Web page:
Pillars are often the one surviving part in the ruins of an ancient city. Archeologists studying these pillars can often identify the civilization by their structure.
Göbekli Tepe, Turkey, is an archaeological site currently being excavated in the Southeastern Anatolia Region of Turkey. The excavation has been ongoing since 1996 by the Turkish government. The tell (artificial mound) has a height of 50 ft and is about 1,000 ft in diameter.
The tell includes two phases of use, believed to date back to the 10th–8th millennium BC (10,000 to 8,000 BC).
The site is being excavated and studied in two phases. During the first phase, circles of massive ‘T’-shaped stone pillars were erected on the site. These are said to be the world’s oldest known megaliths.
As of May 2020, more than 200 pillars in about 20 circles had been surveyed on the site. Each pillar has a height of up to 20 ft and weighs up to 10 tons. They are fitted into sockets that were hewn out of the local bedrock. In the second phase, the pillars are smaller and stood in rectangular rooms with floors of polished lime. The site was apparently abandoned after that time.
The details of the structure’s function remain a mystery. One has to wonder how those ancient people could manage to build such enormous pillars with only human hands to do the work. But it tells us that pillars are strong, and pillars last.
Ever think of God’s promises as solid, lasting support pillars? Yes, when they are promises made by our Creator, they are strong. And they LAST. That is what we sing about:
When nature sinks, and spirits droop,
Thy promises divine
Are pillars to support my hope,
And elevate my mind.
We need these pillars, because there ARE times when “nature sinks and spirits droop.” The sinking is inevitable because we are mortal. But God has provided strong, pillar promises to help us through these times. What pillars do we have to give us support, support that is set in the bedrock of truth?
Let’s start with one of the simplest. It stands, a pillar among seemingly ordinary Proverbs. It is another of those capsule passages the author paid no heed to.
Prov. 22:4 4By humility and the fear of the Lord Are riches and honor and life.
What a start on the promises, and all have universal appeal and a strong progression: 1, 2, 3, each greater than the one before it: “1-Riches, 2-Honor, 3-Life.” All are things we mortals would enjoy.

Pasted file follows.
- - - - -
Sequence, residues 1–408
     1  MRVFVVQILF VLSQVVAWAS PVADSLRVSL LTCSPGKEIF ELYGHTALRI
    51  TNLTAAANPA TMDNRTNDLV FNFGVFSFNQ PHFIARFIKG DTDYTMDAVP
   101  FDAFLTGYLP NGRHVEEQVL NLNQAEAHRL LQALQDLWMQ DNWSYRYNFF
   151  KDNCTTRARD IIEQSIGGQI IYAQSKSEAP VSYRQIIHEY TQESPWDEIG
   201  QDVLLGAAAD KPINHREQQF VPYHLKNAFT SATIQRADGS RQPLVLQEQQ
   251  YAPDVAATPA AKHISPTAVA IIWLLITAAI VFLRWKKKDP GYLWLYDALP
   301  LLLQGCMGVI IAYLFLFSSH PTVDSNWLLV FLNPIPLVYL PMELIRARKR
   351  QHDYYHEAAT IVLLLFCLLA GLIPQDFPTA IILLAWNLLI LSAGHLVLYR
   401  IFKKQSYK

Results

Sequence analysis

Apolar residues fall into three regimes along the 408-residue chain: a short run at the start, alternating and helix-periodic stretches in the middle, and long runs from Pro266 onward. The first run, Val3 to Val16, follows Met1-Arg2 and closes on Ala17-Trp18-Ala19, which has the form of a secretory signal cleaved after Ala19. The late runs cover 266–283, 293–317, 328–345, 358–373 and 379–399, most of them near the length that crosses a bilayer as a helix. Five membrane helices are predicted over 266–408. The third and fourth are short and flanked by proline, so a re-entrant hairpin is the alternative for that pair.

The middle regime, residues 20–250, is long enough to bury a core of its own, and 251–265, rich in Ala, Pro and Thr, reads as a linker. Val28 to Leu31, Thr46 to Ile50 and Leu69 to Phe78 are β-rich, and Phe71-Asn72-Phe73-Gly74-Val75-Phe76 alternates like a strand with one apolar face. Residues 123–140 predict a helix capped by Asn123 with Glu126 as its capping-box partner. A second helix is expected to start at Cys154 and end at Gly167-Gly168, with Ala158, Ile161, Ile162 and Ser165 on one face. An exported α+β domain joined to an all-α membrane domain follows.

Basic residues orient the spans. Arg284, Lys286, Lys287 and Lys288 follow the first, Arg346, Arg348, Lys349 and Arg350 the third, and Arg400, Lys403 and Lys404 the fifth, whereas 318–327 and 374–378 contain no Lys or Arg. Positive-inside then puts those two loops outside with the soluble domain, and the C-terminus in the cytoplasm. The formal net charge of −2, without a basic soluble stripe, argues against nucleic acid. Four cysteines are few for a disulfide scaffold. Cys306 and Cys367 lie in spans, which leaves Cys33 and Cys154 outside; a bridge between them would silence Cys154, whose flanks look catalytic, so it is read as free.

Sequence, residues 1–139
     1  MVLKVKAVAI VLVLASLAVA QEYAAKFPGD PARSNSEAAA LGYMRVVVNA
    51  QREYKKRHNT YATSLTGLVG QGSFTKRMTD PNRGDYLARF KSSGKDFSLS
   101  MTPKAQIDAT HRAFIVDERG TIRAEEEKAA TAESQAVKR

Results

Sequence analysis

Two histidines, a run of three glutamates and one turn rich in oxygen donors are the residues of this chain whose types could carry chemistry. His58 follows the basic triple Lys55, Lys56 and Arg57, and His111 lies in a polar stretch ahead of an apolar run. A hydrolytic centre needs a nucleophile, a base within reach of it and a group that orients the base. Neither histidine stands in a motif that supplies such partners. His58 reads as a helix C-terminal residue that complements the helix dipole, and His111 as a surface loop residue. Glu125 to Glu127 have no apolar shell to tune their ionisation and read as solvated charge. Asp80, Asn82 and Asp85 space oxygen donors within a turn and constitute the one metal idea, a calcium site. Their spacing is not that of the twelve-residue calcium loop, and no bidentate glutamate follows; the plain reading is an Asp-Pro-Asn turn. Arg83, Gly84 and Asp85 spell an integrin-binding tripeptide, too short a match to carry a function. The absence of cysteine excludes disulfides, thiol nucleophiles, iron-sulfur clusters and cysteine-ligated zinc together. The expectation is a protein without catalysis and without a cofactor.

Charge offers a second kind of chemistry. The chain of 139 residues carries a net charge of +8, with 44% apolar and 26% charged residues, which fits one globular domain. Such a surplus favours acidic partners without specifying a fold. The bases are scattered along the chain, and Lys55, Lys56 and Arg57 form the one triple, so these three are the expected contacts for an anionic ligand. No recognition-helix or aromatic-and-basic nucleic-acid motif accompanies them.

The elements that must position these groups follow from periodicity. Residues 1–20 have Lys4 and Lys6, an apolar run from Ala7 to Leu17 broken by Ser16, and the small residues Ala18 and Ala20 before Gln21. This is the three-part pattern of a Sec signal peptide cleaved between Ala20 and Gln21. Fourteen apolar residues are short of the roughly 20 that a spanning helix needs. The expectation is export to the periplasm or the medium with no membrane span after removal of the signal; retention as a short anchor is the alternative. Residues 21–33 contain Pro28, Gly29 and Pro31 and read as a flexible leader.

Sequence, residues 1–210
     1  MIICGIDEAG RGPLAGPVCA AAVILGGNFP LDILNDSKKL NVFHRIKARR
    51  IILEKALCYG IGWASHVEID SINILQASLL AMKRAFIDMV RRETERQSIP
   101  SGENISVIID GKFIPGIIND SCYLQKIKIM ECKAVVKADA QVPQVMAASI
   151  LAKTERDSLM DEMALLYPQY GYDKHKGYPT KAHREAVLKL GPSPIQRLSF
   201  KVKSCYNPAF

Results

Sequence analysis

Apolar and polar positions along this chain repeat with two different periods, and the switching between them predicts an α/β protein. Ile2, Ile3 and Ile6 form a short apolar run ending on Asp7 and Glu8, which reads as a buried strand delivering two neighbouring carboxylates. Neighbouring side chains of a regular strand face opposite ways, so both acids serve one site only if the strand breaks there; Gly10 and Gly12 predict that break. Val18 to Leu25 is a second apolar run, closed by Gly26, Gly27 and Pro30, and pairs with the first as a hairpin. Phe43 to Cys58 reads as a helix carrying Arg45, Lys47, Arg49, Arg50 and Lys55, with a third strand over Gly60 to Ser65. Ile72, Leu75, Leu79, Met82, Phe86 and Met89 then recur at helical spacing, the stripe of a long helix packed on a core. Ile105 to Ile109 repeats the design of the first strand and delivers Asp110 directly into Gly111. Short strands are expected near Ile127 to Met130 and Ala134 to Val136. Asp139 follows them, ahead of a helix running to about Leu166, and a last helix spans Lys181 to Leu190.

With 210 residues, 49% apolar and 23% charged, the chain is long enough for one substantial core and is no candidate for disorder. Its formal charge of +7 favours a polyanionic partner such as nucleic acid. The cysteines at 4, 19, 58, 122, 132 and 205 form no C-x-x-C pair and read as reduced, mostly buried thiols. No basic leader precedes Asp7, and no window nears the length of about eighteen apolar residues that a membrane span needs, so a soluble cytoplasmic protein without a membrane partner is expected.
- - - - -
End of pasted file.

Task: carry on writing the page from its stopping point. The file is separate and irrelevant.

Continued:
What do we like? What would we ask for if we could have JUST what we like most? Start thinking, because the promises go far, far beyond your fondest imagining. This promise was first made by Isaiah, then repeated—with emphasis—by Paul.
1 Cor. 2:9 9But as it is written: “Eye has not seen, nor ear heard, Nor have entered into the heart of man The things which God has prepared for those who love Him.”
Or to “free paraphrase” it,
Mortal eye has never seen, mortal ear has never heard, mortal mind has never imagined the things God has prepared for those who love Him.
Did you take it all in? No, you couldn’t—it is beyond anything we can ask or imagine! What a start on the strong, pillar promises of God!
Now let’s go to Paul’s vision of the promises in Romans 2. He starts with a reminder that God will “render to every man according to his deeds,” then relates the details:
Rom. 2:7–10 7eternal life to those who by patient continuance in doing good seek for glory, honor, and immortality;
Just realize what they—what WE—are seeking:
glory, honor, and immortality…
and then what we can get:
How do we get it?
“by patient continuance in doing good”, or “by patient continuance in well doing” (KJV)
What is “well doing” or “doing good”? It is literally “excelling in action that is distinguished,… excellent,…good (moral qualities) (DBL)
Then there is the other side, where we don’t want to go:
8but to those who are self-seeking and do not obey the truth, but obey unrighteousness—indignation and wrath, 9tribulation and anguish, on every soul of man who does evil, of the Jew first and also of the Greek; 10but glory, honor, and peace to everyone who works what is good, to the Jew first and also to the Greek.